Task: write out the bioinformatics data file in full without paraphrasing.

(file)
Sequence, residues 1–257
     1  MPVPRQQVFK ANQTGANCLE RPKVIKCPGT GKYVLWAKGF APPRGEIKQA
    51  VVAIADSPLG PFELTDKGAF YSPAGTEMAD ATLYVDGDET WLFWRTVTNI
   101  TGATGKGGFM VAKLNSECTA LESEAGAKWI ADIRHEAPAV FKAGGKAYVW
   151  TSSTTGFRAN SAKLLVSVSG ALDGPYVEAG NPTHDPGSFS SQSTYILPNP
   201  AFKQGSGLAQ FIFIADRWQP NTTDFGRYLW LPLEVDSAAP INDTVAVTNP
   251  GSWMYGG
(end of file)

Sequence, residues 1–257
     1  MPVPRQQVFK ANQTGANCLE RPKVIKCPGT GKYVLWAKGF APPRGEIKQA
    51  VVAIADSPLG PFELTDKGAF YSPAGTEMAD ATLYVDGDET WLFWRTVTNI
   101  TGATGKGGFM VAKLNSECTA LESEAGAKWI ADIRHEAPAV FKAGGKAYVW
   151  TSSTTGFRAN SAKLLVSVSG ALDGPYVEAG NPTHDPGSFS SQSTYILPNP
   201  AFKQGSGLAQ FIFIADRWQP NTTDFGRYLW LPLEVDSAAP INDTVAVTNP
   251  GSWMYGG